This isn’t a new issue necessarily for my work. Photographs flatten my work too much, as you say, it removes the tactile interaction. Video however is great for my work, and the increased requests for virtual studio visits over the usual sending a few images of your work has actually been a benefit. When people get to see just how much process and labor goes into the work, they develop a whole new appreciation for it, and video allows them to “maneuver” around the work in a way that is much more exciting than seeing a slide show for example. So, in that way, interacting with my work in this socially distant, almost artist as entertainer way has been a benefit. 


Q. And does your changed environment - of your studio specifically or because of the pace of life slowing down in general - affect this creative process?

My studio is the same. My time at the studio does feel different however. Similar to how many people have been feeling, there’s a pressure to feel productive yet everything seems to take longer than usual and my routine is thrown off. I don’t feel ready to address the pandemic yet in my work, and yet just doing what I always have seems wrong.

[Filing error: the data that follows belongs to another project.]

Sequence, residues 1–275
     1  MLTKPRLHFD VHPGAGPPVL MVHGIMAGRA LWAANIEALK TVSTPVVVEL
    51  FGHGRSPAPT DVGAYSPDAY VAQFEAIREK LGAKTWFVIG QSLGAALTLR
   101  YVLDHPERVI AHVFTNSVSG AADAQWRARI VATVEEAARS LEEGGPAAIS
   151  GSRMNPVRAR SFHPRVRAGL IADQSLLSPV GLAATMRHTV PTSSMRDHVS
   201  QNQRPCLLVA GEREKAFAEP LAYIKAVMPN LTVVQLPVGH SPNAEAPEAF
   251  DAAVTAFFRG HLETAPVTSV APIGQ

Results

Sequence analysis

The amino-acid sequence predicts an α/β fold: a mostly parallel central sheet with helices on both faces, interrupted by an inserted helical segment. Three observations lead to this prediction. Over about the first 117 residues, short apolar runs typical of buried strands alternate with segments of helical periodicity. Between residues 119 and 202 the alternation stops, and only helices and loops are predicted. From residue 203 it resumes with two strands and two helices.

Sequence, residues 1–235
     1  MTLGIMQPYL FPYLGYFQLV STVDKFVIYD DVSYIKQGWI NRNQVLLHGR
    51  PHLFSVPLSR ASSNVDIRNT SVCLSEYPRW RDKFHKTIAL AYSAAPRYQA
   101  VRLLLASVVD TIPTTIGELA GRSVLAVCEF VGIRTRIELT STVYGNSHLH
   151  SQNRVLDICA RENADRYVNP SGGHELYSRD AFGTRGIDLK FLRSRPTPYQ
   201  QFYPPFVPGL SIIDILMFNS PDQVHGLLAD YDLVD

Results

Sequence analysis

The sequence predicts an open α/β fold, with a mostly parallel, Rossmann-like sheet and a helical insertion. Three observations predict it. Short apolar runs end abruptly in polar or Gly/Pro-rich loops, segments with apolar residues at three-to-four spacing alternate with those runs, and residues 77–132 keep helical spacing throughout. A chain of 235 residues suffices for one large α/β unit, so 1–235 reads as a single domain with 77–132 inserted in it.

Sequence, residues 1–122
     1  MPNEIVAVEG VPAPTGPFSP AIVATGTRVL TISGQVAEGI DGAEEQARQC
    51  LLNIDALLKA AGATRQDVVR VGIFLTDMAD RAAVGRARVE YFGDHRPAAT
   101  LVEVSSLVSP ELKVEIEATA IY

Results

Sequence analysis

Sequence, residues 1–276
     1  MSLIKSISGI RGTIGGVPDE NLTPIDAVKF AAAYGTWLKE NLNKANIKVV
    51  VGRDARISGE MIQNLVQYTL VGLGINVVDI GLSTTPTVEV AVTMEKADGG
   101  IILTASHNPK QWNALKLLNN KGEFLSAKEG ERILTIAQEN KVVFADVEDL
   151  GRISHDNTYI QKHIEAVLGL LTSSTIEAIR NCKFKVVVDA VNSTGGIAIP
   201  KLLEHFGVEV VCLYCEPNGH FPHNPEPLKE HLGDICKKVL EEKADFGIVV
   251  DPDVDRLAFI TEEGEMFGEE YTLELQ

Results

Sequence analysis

So much of my time has been spent on things like sourcing and preparing materials, or sealing and adding in protective layers to recently finished works etc. It helps me feel productive, yet allows my mind the time it needs to reflect and absorb the situation we are all now in. Normally I’d have shows to be preparing for, but as those were cancelled, I have the freedom to let my mind process and meditate on this strange situation we are in. 

Q. Lastly...what’s the first thing you’d like to do when we get to go outside? 

Oh wow, so many things, but mostly, I really want to get out of the city, get into nature, go for an all day hike. At this time last year, I was doing a 5 day hike in Peru, making my way towards Machu Picchu, hiking up to 16 miles a day in high altitudes. Now I feel winded just carrying groceries up to my 4th floor walkup! Exercise and nature are big stress relievers for me, and I have been greatly missing that. So yes, a hike, 100%, I need it!


works from the artist